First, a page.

US Q4 Employment Cost Index helps the Fed’s soft landing scenario
Joe Perry January 31, 2023 3:23 PM
Will there be signs that the Fed intends to hike by an additional 25bps at it March meeting?
Typically, the Employment Cost Index (ECI) for the prior quarter isn’t that big of a market mover. However, when Fed Chairman Jerome Powell specifically says that this is one of the most important indicators that the Fed watches to determine wage inflation, markets pay attention. The ECI for Q4 2022 was 1% vs an expectation of 1.1% and a 1.2% reading in Q3. This was the lowest level since Q4 2022. The Wages and Benefits components were both in-line with expectations at 1% and 0.8%, respectively, however they were also both lower than the Q3 readings. Combine the ECI with Average Hourly Earnings from November, which was revised lower from 0.6% MoM to 0.4% MoM, and December, which was 0.3% MoM vs 0.4% MoM expected, and the Fed is feeling pretty good about its soft-landing scenario. On Friday (after tomorrow’s FOMC meeting), the US will release Non-Farm Payroll data for January. Expectations are that the US added 185,000 new jobs to the economy vs 223,000 in December. The Average Hourly Earnings component is expected to remain at 0.3% MoM. Traders will be paying close attention to this data point due to the decreases in November and December. The big question everyone will be looking for Jerome Powell and gang to answer tomorrow is: Will there be signs that the Fed intends to hike by an additional 25bps at it March meeting?
Upon release of the ECI, the US Dollar immediately dropped 40 pips in USD/JPY, below the 130.00 level.
Source: Tradingview, Stone X
On a daily timeframe, there really wasn’t any damage done on USD/JPY to the technical picture after the release of the data. USD/JPY has been moving lower in an orderly downward sloping channel since October 21st, when the pair reached a high of 151.95. The pair reached the 61.8% Fibonacci retracement level from the lows of 2022 to the highs of 2022 at 128.17 on January 13th. USD/JPY had been forming a descending wedge since January 6th, and on January 20th, the pair began moving sideways out of both the long-term channel and the descending wedge. Since January 23rd, USD/JPY has been trading sideways between 129.04 and 131.11 as markets wait on the FOMC decision and statement on February 1st.
Source: Tradingview, Stone X
On a 240-minute timeframe, a smaller channel has formed dating to November 21st 2022. USD/JPY is currently nearing the top of that channel right now. Resistance is at the top trendline of the channel near 130.50. Above there, price can move to the highs form January 24th at 131.12, then the 50 Day Moving Average at 133.35 (see daily). However, if price moves lower, the first support is at the lows of January 22nd at 129.04. Below there, USD/JPY can move to the lows of January 16th at 127.33, then a confluence of support on the daily timeframe and the top downward sloping trendline and horizontal support dating to May 24th, 2022, at 126.36 (see daily).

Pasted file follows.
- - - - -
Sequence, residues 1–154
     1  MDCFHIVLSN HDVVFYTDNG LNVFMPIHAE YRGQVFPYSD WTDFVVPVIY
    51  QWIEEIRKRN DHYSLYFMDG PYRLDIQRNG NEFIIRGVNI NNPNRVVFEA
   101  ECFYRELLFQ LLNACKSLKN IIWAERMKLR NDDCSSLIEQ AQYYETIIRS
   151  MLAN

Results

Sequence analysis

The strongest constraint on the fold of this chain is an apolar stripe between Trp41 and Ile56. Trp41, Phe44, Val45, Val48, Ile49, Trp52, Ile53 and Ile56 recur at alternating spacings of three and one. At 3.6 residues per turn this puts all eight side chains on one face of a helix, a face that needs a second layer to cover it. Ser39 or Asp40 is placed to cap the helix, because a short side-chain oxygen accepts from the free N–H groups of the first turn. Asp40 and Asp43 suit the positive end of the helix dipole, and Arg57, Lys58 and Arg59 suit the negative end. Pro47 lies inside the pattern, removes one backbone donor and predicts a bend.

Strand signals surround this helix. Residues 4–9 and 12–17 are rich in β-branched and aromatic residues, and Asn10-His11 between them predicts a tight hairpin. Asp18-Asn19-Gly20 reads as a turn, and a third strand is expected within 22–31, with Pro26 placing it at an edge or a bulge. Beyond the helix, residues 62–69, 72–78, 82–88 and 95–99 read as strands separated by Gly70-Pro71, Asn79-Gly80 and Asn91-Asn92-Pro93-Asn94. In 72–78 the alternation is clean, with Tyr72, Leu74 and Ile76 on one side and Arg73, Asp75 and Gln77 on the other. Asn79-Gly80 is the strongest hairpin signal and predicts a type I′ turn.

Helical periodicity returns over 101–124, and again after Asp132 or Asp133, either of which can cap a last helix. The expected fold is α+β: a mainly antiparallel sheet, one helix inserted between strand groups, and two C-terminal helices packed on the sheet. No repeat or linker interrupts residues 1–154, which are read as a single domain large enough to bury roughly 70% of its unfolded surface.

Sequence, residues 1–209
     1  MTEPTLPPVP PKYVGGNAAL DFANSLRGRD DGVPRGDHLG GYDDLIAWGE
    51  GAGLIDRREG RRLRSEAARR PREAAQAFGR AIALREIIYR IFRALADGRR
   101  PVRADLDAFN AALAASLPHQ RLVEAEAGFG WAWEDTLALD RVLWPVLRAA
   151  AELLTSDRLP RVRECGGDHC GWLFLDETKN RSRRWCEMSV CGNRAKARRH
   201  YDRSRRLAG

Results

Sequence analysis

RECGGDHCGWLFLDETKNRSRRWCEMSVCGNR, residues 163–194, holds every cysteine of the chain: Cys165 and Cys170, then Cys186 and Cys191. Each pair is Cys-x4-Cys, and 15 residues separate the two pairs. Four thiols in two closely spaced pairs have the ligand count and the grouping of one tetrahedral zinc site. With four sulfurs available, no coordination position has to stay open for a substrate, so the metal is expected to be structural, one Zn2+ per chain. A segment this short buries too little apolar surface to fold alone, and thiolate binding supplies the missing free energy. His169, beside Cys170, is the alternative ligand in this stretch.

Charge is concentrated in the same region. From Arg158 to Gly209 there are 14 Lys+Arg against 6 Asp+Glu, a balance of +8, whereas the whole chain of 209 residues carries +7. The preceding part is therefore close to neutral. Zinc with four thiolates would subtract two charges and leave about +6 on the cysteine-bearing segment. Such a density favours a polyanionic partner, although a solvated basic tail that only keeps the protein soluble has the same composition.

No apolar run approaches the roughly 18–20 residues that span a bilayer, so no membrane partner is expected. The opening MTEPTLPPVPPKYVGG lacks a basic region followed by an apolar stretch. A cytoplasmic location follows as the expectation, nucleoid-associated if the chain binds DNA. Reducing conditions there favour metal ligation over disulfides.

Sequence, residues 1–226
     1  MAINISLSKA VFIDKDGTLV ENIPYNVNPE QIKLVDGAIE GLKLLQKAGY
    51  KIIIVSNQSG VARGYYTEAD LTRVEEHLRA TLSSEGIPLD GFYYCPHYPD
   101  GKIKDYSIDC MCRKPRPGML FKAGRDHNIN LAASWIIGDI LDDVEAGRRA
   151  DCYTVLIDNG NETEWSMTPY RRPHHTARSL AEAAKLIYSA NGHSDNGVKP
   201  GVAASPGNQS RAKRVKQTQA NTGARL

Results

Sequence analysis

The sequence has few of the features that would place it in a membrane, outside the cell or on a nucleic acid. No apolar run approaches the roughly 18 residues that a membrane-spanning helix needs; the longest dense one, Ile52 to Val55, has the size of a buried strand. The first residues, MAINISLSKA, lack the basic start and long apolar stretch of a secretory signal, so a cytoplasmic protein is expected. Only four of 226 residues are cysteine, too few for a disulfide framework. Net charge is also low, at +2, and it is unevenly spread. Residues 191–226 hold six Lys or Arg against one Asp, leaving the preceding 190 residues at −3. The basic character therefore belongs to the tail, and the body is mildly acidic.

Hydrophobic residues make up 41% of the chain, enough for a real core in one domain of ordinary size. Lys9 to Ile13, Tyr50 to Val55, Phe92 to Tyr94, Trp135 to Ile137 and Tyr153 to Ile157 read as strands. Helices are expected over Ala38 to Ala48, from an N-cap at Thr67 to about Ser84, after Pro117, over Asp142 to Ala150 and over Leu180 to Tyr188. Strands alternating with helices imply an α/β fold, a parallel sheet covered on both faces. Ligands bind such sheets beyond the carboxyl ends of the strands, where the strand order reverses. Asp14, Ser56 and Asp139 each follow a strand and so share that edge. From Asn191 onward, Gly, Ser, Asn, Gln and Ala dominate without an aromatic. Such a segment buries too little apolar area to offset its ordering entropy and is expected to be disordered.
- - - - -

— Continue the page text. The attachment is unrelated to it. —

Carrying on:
Source: Tradingview, Stone X
Which way will USD/JPY resolve itself out of the tight range that the pair has been in for the last seven trading sessions? It may depend on the FOMC decision tomorrow. If the Fed believes that the lower ECI and Average Hourly earnings are enough to signal it is done hiking, USD/JPY should move lower. However, if the Fed is still worried about high inflation, USD/JPY may be on the move higher once again.
Disclaimer: The information on this web site is not targeted at the general public of any particular country. It is not intended for distribution to residents in any country where such distribution or use would contravene any local law or regulatory requirement. The information and opinions in this report are for general information use only and are not intended as an offer or solicitation with respect to the purchase or sale of any currency or CFD contract. All opinions and information contained in this report are subject to change without notice. This report has been prepared without regard to the specific investment objectives, financial situation and needs of any particular recipient. Any references to historical price movements or levels is informational based on our analysis and we do not represent or warranty that any such movements or levels are likely to reoccur in the future. While the information contained herein was obtained from sources believed to be reliable, author does not guarantee its accuracy or completeness, nor does author assume any liability for any direct, indirect or consequential loss that may result from the reliance by any person upon any such information or opinions.
Futures, Options on Futures, Foreign Exchange and other leveraged products involves significant risk of loss and is not suitable for all investors. Losses can exceed your deposits. Increasing leverage increases risk. Spot Gold and Silver contracts are not subject to regulation under the U.S. Commodity Exchange Act. Contracts for Difference (CFDs) are not available for US residents. Before deciding to trade forex and commodity futures, you should carefully consider your financial objectives, level of experience and risk appetite. Any opinions, news, research, analyses, prices or other information contained herein is intended as general information about the subject matter covered and is provided with the understanding that we do not provide any investment, legal, or tax advice. You should consult with appropriate counsel or other advisors on all investment, legal, or tax matters. References to Forex.com or GAIN Capital refer to GAIN Capital Holdings Inc. and its subsidiaries. Please read Characteristics and Risks of Standardized Options.